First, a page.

Making fitness fun: Group Fit classes bring teachers from all over campus

Making+fitness+fun%3A+Group+Fit+classes+bring+teachers+from+all+over+campus

Christina Shaman

The overhead lights were off, a disco ball was spinning, and Dean of Students Paul McLoughlin II was singing along to Katy Perry’s “California Girls.” It was not a party, but McLoughlin’s cycling class, which he teaches Monday nights in between his job as an administrator at the college and as an advisor to Student Government.

According to Assistant Director for Fitness Programs Karen Howell, McLoughlin’s class is one of six Group Fit programs offered weekly at the Allan P. Kirby Sports Center at Lafayette. The classes, the most popular of which are Zumba, Body Pump, and Cycling, are free for students. Although some classes are taught by outside trainers, the most popular ones are taught by administrators, staff, and students at the college.

Attendance at Group Fit classes has grown steadily over the past three semesters, Howell wrote in an email. Students can reserve a spot in each of the Group Fit classes up to 24 hours before the start of the class and classes sometimes fill up in under an hour, she wrote.

If students do not get a spot in the class, they can get a FIT ticket to place themselves on the waitlist, in case a spot opens up.

McLoughlin, who has been spinning since graduate school when it was just becoming a craze, said that when he started at Lafayette, he wanted to bring cycling with him. He proposed the idea to Howell, who had already been considering starting a program at the college. Today, there are four cycling classes a week at Lafayette.

At one point, McLoughlin, who is also scuba certified and has run several triathlons, taught cycling multiple days a week, but now he sticks to one class every Monday.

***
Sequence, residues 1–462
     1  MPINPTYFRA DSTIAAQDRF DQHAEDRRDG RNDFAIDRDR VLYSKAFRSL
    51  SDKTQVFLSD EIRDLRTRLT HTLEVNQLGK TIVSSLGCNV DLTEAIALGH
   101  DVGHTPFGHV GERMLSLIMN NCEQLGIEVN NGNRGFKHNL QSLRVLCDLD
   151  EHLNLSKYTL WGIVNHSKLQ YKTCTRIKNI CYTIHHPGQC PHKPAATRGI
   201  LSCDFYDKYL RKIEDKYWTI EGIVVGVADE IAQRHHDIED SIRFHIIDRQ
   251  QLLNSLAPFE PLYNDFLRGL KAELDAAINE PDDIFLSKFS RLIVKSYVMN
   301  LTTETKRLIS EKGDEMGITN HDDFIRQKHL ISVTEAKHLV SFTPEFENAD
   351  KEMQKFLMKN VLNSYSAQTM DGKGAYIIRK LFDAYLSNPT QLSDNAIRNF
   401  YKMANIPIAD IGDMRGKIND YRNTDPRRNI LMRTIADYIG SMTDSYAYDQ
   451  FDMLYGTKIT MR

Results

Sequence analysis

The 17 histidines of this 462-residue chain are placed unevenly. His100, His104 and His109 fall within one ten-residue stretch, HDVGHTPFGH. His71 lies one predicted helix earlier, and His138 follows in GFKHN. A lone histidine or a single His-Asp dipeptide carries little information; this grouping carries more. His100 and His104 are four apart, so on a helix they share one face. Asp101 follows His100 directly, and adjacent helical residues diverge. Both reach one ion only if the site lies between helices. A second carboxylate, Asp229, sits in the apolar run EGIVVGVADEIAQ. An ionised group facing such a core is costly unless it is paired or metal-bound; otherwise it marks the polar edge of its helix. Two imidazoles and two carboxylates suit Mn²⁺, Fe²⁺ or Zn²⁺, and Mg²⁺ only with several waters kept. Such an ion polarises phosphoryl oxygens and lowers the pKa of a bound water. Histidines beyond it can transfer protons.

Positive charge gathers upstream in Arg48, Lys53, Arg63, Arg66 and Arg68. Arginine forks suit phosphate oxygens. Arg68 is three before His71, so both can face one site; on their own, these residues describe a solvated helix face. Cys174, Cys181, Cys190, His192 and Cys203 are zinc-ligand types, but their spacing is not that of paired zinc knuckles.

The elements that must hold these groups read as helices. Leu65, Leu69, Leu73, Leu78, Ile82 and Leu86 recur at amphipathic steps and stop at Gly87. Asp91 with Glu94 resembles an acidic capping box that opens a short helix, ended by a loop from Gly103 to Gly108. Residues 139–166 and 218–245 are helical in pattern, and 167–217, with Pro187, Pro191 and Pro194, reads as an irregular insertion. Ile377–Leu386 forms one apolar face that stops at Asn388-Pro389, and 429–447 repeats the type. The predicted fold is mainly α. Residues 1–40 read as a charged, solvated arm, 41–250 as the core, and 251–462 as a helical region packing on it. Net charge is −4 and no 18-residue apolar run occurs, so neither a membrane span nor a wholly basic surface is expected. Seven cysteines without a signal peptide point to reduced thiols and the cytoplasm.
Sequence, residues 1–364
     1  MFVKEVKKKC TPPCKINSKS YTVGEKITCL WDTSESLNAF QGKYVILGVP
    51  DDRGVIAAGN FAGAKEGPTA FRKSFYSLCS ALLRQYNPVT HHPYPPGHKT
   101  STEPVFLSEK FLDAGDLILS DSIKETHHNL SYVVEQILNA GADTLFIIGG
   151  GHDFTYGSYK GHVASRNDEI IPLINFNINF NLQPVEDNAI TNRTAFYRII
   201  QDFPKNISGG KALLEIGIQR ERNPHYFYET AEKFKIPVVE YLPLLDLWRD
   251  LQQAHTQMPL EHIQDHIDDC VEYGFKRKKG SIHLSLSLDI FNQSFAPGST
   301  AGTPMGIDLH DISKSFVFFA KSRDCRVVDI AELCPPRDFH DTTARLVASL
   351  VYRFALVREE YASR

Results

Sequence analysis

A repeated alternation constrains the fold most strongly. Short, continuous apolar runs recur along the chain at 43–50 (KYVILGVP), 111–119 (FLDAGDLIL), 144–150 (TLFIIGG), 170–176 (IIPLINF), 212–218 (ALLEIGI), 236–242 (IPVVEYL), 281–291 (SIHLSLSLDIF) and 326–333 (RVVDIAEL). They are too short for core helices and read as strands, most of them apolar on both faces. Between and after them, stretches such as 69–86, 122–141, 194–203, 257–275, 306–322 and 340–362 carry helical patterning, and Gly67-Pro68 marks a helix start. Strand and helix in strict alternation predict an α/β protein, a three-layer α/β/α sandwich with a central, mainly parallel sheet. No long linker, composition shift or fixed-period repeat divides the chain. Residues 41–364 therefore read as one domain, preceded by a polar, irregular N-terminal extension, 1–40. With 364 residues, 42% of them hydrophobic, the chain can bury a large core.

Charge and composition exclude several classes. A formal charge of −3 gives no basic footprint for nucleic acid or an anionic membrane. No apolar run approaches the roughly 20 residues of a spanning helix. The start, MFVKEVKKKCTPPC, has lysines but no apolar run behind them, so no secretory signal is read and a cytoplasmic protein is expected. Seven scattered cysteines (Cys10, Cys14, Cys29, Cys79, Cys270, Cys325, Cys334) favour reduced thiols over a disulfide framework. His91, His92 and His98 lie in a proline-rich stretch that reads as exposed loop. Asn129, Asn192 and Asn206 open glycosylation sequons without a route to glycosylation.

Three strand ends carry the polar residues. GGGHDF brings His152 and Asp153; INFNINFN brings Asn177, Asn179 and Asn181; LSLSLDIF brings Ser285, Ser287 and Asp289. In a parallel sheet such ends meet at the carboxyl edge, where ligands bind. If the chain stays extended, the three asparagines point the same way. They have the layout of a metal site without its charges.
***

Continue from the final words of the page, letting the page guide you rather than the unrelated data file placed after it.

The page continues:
Monday nights, McLoughlin said, are particularly challenging due to low energy levels among the people who take his class. To remedy this, McLoughlin said he puts a significant amount of time into creating a playlist for the class, which includes mostly electronic dance music.

Part of his approach also includes yelling at students in an “affirming, positive, encouraging way,” McLoughlin said.

This tough love shined through during his workout on Monday.

“I know that some of you who are new may wonder why the fan’s not on,” McLoughlin said. “You have to work for the fan.”

Students in the class did work. As the tempo of the music increased, so did the pace of the workout. Following McLoughlin’s lead, students increased and decreased resistance and shifted between sitting and standing.

According to McLoughlin, the first time cycling is the hardest.

“I have said to people please come back four times,” McLoughlin said. “If at four times you say, I still can’t, I do not like it, I will believe you, I will wish you well. But I think after four times, then the kinks have been worked out, you’ve built some muscles. You’re not confused. And then I think the real joy comes.”

For McLoughlin, the joy of cycling is met by an additional joy of instructing a class. He said that teaching cycling allows him to find a balance with his job as Dean of Students.

“There are some days when I feel like my job, that whole day, has been to tell students ‘no’ or to deliver bad news,” McLoughlin said. “That’s never the fun part of the job, but it’s a requirement of it. And I think the nice thing about spinning is that it’s all positive. From minute one to minute 45, I’ll always know that I’ll have 45 minutes of positive energy [and] interactions.”

“I think in a way, it makes me a better dean of students,” he added, saying that because of cycling, he is able to be seen by some students as more accessible.

But McLoughlin is not the only group fit instructor to note interactions with students as one of the most rewarding elements of teaching Group Fit.

Library Assistant Karen Haduck, who has taught group fitness at Lafayette before she became a full-time employee of the college, said that her Body Pump class is an opportunity for her to engage with students in a “completely non-academic way.”

She added that she has taught group fitness for 23 years in places ranging from California to Japan, and that group fitness is the “one constant” in her life.

Alleyah Miner ‘16 has also made group fitness a constant in her life and hopes to make it part of her future.

Miner has been teaching Zumba on and off since she was 15, when she became a certified Zumba instructor. But her most consistent job has been at Lafayette, where she currently teaches two times a week, to packed rooms. Miner, whose classes fill up in 60 seconds, said her ultimate dream is to create her own brand of dance fitness.

As for now, she makes her Zumba class a priority, because she knows her students are counting on her.

“It’s a priority to me,” she said. “You show up [and] you are where you want to be.”